Director, writer of 'Extraordinary Attorney Woo' dumbfounded by drama's success
By Shim Sun-ah
SEOUL, July 26 (Yonhap) -- The director and the writer of "Extraordinary Attorney Woo" said Tuesday they were thrilled but left dumbfounded by the recent success of the series.
"I didn't expect this drama to receive so much love. As you know, it started to be shown on a lesser-known TV channel and I wasn't sure if the subject matter was something that could draw popularity," director Yoo In-sik said during a press conference held at a hotel in western Seoul.
He then compared the drama to Pyongyang-style cold noodles with chilled beef broth that has a bland, savory flavor.
"I hoped the series would go viral among many people but didn't know if it would be received so well from early on because it has a bland taste, just like Pyongyang-style cold noodles. I'm just thankful (for this popularity)."
The legal drama revolving around Woo Young-woo, a genius but autistic rookie attorney at a top law firm, has captured the attention of viewers in South Korea and abroad.
Aired every Wednesday and Thursday on new cable channel ENA and Netflix, the series started out with a viewership rating of 0.9 percent on June 29. But the number surged to 13.1 percent for the eighth episode that aired on Thursday, the highest of all ongoing Wednesday-Thursday TV series in the country. The 16-part series also has topped the global streaming service's latest weekly viewership chart of non-English TV shows for the second consecutive week.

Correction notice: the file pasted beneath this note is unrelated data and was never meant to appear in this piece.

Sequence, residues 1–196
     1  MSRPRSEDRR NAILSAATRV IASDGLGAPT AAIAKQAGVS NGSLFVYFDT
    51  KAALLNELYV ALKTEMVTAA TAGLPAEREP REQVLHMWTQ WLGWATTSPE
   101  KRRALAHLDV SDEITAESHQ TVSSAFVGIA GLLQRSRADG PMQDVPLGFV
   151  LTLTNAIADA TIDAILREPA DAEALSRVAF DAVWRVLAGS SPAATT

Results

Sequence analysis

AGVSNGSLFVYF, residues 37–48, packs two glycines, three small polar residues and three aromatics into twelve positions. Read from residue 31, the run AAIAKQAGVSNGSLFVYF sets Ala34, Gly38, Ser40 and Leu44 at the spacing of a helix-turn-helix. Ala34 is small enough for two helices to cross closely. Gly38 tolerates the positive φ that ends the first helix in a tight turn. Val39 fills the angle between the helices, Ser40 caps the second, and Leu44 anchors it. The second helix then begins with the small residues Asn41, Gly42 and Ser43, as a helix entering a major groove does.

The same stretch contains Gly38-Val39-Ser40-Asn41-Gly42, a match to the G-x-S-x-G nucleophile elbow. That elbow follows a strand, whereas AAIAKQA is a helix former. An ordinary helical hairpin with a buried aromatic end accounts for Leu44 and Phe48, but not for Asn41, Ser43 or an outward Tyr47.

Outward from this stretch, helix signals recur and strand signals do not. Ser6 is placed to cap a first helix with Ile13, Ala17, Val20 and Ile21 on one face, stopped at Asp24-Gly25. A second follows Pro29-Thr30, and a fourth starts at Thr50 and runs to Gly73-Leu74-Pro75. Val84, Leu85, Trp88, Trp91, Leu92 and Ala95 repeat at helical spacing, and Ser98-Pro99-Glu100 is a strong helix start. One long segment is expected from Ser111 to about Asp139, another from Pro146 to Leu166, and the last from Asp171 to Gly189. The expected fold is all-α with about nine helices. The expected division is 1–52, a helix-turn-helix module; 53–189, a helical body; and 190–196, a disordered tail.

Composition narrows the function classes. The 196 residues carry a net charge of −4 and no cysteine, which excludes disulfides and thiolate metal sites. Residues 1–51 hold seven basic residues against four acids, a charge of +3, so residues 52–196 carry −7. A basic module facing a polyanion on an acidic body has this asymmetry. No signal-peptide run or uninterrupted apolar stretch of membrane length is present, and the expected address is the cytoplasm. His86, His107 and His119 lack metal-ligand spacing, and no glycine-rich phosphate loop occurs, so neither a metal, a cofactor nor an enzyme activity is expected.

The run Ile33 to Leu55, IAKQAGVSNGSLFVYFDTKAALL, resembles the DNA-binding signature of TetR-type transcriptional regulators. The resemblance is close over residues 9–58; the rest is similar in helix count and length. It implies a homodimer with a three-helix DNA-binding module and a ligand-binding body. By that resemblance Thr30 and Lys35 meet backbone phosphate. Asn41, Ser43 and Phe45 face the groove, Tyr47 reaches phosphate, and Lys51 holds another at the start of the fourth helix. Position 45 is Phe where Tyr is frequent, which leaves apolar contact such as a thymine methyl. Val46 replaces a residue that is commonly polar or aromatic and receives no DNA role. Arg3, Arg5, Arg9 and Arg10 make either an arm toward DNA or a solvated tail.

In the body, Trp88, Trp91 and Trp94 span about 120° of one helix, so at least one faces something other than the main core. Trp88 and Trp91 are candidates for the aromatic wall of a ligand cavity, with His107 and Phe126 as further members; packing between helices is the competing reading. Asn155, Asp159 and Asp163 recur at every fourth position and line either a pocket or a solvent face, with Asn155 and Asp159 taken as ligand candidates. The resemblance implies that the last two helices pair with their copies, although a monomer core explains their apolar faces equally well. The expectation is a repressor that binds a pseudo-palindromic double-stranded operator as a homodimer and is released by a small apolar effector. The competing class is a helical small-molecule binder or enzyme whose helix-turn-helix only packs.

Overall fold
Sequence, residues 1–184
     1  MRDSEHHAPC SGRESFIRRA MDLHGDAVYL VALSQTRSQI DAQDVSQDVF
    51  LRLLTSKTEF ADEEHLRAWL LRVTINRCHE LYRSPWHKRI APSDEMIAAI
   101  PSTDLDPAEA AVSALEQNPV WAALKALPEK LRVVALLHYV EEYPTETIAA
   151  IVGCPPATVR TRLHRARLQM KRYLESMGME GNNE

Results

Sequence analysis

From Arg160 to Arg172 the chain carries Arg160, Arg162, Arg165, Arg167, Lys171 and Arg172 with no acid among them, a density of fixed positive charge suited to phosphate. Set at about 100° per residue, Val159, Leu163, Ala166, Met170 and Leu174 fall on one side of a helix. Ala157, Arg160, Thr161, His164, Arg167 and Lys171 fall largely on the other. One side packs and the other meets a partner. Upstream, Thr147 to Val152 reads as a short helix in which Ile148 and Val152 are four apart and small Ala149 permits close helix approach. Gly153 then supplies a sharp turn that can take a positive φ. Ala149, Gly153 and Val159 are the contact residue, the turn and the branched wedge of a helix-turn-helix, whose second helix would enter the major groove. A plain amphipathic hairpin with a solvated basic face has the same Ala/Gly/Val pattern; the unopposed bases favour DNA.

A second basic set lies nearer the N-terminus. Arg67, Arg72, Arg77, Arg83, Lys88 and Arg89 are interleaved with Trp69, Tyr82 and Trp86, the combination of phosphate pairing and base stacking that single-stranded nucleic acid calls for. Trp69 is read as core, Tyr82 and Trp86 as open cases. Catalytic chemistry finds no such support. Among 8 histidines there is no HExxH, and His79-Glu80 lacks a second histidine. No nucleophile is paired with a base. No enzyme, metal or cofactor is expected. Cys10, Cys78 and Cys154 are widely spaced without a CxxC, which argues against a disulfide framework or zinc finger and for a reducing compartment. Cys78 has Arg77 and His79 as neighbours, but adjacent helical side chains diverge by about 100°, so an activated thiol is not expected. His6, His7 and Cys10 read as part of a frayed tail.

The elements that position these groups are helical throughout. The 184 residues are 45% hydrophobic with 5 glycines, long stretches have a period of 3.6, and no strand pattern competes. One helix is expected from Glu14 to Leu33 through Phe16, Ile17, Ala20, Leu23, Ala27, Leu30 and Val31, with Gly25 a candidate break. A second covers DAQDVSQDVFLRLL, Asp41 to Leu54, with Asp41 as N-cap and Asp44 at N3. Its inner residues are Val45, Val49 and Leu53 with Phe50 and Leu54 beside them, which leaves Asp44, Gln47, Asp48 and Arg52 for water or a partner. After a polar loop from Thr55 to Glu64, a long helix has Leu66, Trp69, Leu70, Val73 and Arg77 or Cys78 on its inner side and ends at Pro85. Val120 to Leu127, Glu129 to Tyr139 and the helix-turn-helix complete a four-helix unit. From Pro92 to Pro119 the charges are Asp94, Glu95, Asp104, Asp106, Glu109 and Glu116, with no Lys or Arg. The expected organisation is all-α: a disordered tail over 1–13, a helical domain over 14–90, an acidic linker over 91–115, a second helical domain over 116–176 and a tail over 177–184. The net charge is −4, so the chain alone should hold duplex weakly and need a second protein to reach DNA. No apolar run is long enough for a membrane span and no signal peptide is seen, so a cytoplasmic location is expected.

Moon Ji-won, the creator and writer of the series, also shared how she feels about the show's success.
"I have recently received phone calls from many people who hadn't been in contact," she said, smiling. "Whenever I see people having a kind of debate over the drama at coffee shops and people watching the show on a bus, I wonder, 'What the hell is going on?' I spend every day happily," she added.
Moon also shared how the adorable character of lawyer Woo Young-woo was created.
"One day three years ago, producers of Astory visited me and asked if I think it would be possible for Ji-woo in the film 'Innocent Witness' to become a lawyer when she grows up and whether it would be fun if such a story were made into a drama. I answered 'yes' and that I want to write one," she recalled. Astory is the name of the drama's production company.
"Extraordinary Attorney Woo" then became the first drama written by Moon, after she wrote the script of "Innocent Witness," a film led by an autistic girl who is the only witness to the death of a man who either committed suicide or was murdered.
"Not all autistic people are like that, but their unique ways of thinking, eccentricity, strong sense of justice, straightforwardness, and extremely broad knowledge or memory about certain fields of their particular interest are some of the human characteristics that can be strengthened by autism," she said. "I thought these parts were attractive."
With a half of the total 16 episodes broadcast, Yoo said the latter half will be about Woo's growth as a good attorney.
"If I say the first half was about if Woo can become a lawyer, the second half would be about if she will be able to be a good one," the director said.
"People who work for Hanbada will also face concerns about their own lives, so please look forward to passionate performances by good actors," he added, referring to the name of the law firm where Woo belongs.
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